Soaring Energy Costs Fuel a Quiet Crisis - BodyShop Business

Soaring Energy Costs Fuel a Quiet Crisis

If our rates and charges are too low to sustain our businesses, then we must pass our costs on to the market and raise our prices — immediately

There’s a nip in the air, and a sense of dread is spreading across the collision industry as winter fast approaches. Sky-high energy prices and other costs will very likely continue to erode your shop’s already small profit margins.

Will rising heating costs — combined with the price of materials increasing — further strain collision shops to the point of collapse this winter? Record-high prices at the pump grab the headlines, but we’re already paying more in other areas, too.

Recently, BASF Coatings, DuPont and PPG announced price increases on some to all of their products to cover their rising costs in raw materials. And some of these price increases are as much as 25 percent. With oil and gas prices having increased dramatically, one paint company press release stated, “Clearly, we can no longer absorb these increases.”

Natural gas costs are expected to climb as much as 50 to 70 percent higher this winter, continuing to put the squeeze on our budgets. And elevated electrical bills are sure to follow due to more electrical generating plants using natural gas instead of coal.

Escalating diesel costs have shipping companies passing on their rising costs of carrying goods around the country. These increased freight rates will be passed on to consumers, who will be paying more for anything that’s shipped by truck. And this will include anything in your local grocery store to materials used every day in your shop. Some trucking firms are also charging transportation fuel surcharges to partially recover some of the additional fuel costs.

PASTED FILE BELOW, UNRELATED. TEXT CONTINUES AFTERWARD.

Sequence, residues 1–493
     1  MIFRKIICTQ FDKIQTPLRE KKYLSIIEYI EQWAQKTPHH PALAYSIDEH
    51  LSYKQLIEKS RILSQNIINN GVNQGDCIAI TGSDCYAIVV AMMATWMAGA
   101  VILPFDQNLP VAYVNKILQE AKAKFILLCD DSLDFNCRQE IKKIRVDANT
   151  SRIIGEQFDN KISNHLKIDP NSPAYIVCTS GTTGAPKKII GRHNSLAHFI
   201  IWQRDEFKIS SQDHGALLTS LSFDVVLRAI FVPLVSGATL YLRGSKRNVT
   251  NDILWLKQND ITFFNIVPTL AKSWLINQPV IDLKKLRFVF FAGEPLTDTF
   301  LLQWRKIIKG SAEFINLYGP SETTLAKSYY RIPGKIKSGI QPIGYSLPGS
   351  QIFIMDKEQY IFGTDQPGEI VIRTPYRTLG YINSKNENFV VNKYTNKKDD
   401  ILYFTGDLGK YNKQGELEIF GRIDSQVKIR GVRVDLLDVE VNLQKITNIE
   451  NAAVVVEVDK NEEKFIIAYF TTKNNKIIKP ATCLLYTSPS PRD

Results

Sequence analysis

Other petroleum-based raw material costs will continue to rise, too. One example, polypropylene, is used in dozens of applications on today’s vehicles. Other product prices that will be affected will include lubricants, polyurethane adhesives, sealants, epoxies, acrylics, silicones, fiber glass and butyl sealants. The price of these products will be impacted in two ways: rising freight costs and raw material cost.

Additional examples of other industries that are facing a perfect storm of higher energy and other related costs are the airline industry; the air freighters such as Fed- Ex; manufacturers such as Clorox, Proctor & Gamble and Kimberly Clark; the agricultural industry; and the steel industry.
This torrent of rising costs is happening in every segment of business from international companies to Home Depot and Lowe’s to your local pizza delivery guy. In every case, as these costs are being born and absorbed into the supply chain, they are ultimately passed along to the consumer.

So do we hold the line and continue to supply our services at the old prices? In a business such as the collision industry — where every penny counts and bankruptcy threatens even many of our major suppliers — we must make sound business decisions now, if we are to survive in the future.

The facts are:

  • The costs of your paint and materials are going up.